ChelseaArtistsbooks1aAfter lunch, there were guided tours of Lambeth Palace library, and then the rest of the afternoon was devoted to a variety of visits to special collections within London. Participants could sign up to two visits, and there was a bit of tube co-ordination required! I chose two places that were next to one another, and coincidentally not that far from Lambeth Palace either! My first visit was to the Print Rooms at Tate Britain; we were shown prints by a variety of artists, and some of Turner’s sketch books. We also got to see Beatrix Potter’s drawings for The Tailor of Gloucester. My second visit was to Chelsea College of Arts to see their Artists’ books collection – it was interesting to compare their collection with the one at Cardiff Metropolitan University that I had visited earlier in the year.

The final day took place at the British Library Conference Centre, and the first session looked at promoting collections. Adrian Edwards (Head of Printed Heritage Collections, British Library) talked about the potential of exhibitions to bring hidden collections into the lime-light, and focussed on a specific example of the ‘Comics unmasked’ exhibition which was held in 2014.

British Library2aHe highlighted that the objective of exhibitions are wider than what you see in the gallery. For example with this collection initially the material was spread over different sites and wasn’t catalogued consistently, if at all. However, due to the exhibition many comics got catalogued – the power of the exhibition gave leverage to the cataloguing priorities. They were able to convince the data quality team to see the cataloguing of the comics as a training opportunity – serials, complexities etc. Now all the material is available on one site, is used more, and the rare material has been moved to higher level of secured storage. In addition staff expertise has improved; some have given papers at academic conferences.

Next was Lara Haggerty (Innerpeffray Library). Innerpeffray library is five miles from the nearest town, and a bus only comes once a week, the library is essentially in the middle of nowhere. It was the first free public lending library in Scotland, set up in 1680. Originally in the loft of the chapel it started with 400 books. In 1968 they stopped lending books, there was a decline after the First World War, and there were other libraries in nearby towns, and the library began to disappear from people’s awareness.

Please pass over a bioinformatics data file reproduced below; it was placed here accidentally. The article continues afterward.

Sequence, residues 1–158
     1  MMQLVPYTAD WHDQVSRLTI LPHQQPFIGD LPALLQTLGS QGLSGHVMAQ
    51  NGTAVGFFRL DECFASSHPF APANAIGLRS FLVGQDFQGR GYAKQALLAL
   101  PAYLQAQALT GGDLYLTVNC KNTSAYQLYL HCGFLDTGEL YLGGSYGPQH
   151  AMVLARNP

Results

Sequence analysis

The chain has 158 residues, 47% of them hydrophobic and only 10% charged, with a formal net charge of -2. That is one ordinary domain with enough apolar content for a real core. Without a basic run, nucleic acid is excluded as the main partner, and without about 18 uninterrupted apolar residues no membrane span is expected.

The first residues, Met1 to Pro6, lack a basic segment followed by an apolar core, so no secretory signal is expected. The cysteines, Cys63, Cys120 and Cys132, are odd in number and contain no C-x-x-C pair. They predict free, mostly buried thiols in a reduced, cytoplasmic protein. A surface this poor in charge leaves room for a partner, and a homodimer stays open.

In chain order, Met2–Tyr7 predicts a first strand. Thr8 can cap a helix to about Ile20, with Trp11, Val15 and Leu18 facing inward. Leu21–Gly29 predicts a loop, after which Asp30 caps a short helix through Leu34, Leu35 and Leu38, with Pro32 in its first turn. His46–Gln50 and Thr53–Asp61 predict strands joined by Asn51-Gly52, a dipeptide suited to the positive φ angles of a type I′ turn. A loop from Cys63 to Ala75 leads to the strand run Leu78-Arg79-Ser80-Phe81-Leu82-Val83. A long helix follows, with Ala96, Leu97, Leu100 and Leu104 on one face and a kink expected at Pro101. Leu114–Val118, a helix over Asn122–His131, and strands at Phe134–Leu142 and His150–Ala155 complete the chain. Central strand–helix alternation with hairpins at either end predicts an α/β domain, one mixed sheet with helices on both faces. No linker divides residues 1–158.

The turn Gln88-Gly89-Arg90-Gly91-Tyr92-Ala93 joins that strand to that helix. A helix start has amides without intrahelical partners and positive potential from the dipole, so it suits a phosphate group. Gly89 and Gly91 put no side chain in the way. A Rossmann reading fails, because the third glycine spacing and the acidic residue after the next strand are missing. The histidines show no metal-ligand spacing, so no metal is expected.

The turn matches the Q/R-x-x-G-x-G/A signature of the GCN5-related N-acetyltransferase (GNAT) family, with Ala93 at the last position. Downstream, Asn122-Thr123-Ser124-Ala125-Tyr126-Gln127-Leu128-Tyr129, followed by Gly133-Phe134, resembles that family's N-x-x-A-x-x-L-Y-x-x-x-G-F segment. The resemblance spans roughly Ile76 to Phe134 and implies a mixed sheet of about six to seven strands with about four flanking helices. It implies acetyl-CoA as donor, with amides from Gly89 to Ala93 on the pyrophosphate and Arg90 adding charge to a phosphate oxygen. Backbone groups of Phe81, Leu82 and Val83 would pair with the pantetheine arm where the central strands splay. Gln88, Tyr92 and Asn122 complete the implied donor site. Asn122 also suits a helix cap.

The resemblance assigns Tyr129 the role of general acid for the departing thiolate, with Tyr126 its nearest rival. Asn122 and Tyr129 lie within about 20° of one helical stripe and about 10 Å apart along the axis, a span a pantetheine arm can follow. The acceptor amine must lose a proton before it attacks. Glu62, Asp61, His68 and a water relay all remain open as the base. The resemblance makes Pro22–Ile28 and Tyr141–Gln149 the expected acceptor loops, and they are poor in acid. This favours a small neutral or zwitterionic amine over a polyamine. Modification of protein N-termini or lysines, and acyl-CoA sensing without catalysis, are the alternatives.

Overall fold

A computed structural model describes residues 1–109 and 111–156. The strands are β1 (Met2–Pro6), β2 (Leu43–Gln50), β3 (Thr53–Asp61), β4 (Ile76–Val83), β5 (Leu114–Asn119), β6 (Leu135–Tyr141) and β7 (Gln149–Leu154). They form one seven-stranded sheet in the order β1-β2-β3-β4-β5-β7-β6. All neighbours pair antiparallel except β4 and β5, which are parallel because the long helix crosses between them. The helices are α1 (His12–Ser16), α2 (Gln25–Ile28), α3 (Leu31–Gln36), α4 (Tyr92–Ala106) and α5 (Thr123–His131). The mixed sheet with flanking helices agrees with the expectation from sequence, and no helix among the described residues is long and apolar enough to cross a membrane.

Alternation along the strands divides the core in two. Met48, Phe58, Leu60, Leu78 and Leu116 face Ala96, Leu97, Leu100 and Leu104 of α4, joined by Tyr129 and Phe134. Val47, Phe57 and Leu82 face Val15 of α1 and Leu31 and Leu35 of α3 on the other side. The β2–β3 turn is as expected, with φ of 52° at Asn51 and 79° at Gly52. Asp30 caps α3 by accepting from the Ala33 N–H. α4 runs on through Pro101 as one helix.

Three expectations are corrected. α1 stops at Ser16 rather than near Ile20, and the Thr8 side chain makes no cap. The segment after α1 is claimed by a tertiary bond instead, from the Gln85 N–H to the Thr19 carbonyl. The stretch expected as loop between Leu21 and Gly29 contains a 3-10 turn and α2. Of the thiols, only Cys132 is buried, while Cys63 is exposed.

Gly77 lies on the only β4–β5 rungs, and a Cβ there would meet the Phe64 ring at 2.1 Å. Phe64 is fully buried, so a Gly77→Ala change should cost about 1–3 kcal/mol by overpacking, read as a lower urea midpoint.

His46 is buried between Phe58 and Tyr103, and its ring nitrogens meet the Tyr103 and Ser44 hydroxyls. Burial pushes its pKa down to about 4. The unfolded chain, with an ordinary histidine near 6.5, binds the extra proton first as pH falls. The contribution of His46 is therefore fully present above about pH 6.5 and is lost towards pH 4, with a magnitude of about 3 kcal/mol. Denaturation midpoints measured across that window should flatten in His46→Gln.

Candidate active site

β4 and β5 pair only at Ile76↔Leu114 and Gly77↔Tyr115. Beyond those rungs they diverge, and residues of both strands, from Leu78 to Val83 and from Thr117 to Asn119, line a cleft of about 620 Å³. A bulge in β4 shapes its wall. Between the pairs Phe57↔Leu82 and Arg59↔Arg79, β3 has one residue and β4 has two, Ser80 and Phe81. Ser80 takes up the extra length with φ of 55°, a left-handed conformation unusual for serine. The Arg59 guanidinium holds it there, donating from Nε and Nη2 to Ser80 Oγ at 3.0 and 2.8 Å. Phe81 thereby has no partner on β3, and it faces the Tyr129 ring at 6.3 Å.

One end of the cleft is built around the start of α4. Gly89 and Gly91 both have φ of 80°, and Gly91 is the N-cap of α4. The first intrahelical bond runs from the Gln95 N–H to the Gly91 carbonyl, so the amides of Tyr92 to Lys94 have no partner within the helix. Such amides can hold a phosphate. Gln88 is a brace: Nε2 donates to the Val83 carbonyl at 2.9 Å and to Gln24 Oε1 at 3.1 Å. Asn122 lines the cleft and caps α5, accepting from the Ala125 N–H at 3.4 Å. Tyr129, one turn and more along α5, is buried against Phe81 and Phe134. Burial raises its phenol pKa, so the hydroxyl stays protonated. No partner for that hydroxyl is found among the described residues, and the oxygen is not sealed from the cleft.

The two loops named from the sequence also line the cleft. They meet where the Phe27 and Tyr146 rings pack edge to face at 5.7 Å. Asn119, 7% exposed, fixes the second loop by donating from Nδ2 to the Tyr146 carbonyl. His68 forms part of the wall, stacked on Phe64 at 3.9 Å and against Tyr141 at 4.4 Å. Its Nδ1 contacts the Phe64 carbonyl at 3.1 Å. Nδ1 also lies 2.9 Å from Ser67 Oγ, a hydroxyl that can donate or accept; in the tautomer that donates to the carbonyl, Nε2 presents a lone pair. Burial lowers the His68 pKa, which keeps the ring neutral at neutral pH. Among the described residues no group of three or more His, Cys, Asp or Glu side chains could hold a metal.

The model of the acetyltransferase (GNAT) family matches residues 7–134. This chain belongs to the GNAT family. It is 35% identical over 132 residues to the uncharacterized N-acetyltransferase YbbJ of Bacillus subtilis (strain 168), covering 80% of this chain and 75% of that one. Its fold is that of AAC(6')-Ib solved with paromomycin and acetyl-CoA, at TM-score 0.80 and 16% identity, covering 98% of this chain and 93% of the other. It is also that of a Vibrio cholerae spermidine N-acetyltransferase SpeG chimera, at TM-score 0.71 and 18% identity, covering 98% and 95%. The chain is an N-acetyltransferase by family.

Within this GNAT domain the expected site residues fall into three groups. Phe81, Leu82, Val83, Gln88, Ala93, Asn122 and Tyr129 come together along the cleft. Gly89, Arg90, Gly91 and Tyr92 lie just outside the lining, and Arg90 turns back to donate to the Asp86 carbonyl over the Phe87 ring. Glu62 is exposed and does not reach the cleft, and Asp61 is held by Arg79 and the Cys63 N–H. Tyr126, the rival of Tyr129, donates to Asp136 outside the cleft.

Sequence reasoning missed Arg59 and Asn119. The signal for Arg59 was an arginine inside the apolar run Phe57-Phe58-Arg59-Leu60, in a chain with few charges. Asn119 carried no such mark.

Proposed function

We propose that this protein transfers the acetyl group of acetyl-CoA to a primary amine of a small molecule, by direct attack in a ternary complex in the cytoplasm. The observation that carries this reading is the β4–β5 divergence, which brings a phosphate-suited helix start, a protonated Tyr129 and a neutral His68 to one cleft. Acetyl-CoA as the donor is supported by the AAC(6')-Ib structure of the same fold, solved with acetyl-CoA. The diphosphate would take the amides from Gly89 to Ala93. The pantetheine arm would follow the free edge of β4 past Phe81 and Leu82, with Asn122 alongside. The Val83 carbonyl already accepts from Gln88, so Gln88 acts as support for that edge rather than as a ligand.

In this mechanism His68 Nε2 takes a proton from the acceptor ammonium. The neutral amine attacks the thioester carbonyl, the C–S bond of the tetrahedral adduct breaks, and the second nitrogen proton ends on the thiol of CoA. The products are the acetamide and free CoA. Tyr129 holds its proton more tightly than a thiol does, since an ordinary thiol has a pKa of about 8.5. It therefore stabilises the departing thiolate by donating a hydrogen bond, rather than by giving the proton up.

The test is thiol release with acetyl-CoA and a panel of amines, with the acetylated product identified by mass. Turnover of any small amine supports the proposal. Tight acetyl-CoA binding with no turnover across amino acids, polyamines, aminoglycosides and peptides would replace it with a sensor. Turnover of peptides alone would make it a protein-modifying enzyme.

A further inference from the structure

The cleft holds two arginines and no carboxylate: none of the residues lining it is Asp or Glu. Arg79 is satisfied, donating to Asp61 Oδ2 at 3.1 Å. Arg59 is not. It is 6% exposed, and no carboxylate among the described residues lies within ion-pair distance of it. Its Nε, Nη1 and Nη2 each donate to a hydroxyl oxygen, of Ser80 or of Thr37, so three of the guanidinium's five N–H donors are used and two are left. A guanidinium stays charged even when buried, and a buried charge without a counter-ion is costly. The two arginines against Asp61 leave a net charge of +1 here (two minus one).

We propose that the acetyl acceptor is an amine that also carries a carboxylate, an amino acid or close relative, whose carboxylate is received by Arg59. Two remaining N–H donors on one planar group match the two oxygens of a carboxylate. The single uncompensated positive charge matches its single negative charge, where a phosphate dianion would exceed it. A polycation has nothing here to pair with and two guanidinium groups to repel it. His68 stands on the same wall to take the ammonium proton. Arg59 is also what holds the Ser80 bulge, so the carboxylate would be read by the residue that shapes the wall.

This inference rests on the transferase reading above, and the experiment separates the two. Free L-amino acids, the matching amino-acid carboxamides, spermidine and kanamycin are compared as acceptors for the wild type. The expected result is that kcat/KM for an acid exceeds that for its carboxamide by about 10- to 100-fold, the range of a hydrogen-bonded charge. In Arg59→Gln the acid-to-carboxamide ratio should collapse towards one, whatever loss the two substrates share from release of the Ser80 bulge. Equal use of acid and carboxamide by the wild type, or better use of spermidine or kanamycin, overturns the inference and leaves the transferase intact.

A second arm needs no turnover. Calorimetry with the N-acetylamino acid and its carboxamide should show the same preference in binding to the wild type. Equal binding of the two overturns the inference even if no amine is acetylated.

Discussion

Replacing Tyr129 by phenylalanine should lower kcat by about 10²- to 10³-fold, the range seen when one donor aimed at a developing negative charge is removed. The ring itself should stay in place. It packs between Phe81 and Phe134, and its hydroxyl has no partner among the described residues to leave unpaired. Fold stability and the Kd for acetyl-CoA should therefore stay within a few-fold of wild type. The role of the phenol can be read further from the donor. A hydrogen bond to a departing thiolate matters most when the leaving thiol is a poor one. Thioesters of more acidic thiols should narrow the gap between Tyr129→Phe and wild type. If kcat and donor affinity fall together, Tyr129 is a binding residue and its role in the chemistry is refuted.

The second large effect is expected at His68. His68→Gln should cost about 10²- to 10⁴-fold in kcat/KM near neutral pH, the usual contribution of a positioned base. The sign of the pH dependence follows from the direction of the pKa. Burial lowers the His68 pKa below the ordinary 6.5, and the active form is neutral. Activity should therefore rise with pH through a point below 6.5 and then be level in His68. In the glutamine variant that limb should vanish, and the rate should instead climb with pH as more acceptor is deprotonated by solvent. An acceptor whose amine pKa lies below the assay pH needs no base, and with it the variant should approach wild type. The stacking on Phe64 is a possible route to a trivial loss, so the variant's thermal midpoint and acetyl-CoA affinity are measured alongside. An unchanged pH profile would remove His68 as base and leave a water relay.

By 2001 things were not looking too good: “We can no longer open the door and hope”

In 2009 Lara Haggerty was appointed as Library keeper and marketing manager, the 31st library keeper there has been. She created a business plan to raise visitors by 100% – quite a challenge!  She highlighted that they were selling something different, a unique experience for the visitor.   As part of this they have partnered up with local businesses, and they now hold events, like gin tasting in the library (!), and “How far would you walk for a book” walk, etc.

The final talk of this session was by Katie Sambrook (Kings College London) who talked about the Foreign and Commonwealth Office library collection at King’s College London. There are 100,000 items in the Foreign & Commonwealth Office library collection, mainly books, but manuscripts as well, covering 16th-21st centuries, with the heart of the collection from 1750-1950. There were difficulties for the library when it was situated in the Foreign and Commonwealth Office, with security, couldn’t bring in lap tops, etc, so it was transferred to an appropriate academic institution. They have needed to catalogue all items from scratch, book in hand, and have about half done at the moment. They think that the catalogue is the best way of advertising the books, but have also promoted the collection by an exhibition space and online. They have used targeted promotion, picking a country or area, and found that even just a poster on library gates brought people in.

The last three talks were in a session that looked at going ‘beyond the library’, firstly Katharine Hogg (Foundling Museum) talked about the Gerald Coke Handel Collection at the Foundling Museum. Gerald Coke was a banker and in the 1930s started to collect Handel material – he chose Handel because he was first published in England and at available prices (Mozart was too expensive!). He was a generous collector and let scholars use the material even though he kept it at home, and he did have a house catalogue. The collection came to the Museum with an endowment, and although not quite a lending collection now, a database of the collection is now online.

Hannah Manktelow, a PhD student, talked about her research discovering provincial Shakespeare with the British Library Playbill collection. The collection contains playbills from the provinces as well as London, and much of what we know about theatrical history comes from playbills – when/where/who/what. The bulk of playbills date from 1780-1880. As there are 75,000 provincial playbills, to manage the project she picked five provincial towns – Newcastle, Nottingham, Norwich, Bath and Brighton. She decided to focuss on England for a national representation. She has been looking at where Shakespeare was performed (theatres, portable venues, etc); Who performed (a resident company, London stars, touring company. Bath received double the amount of stars than Newcastle – closer to London and very fashionable); and also when – what percent of the theatrical season.

One discovery has been that regional Shakespeare was more avant-garde, and had the first black perfoBritish Libraryarmer in Othello, he was very famous, but not accepted to play in London until the end of his career.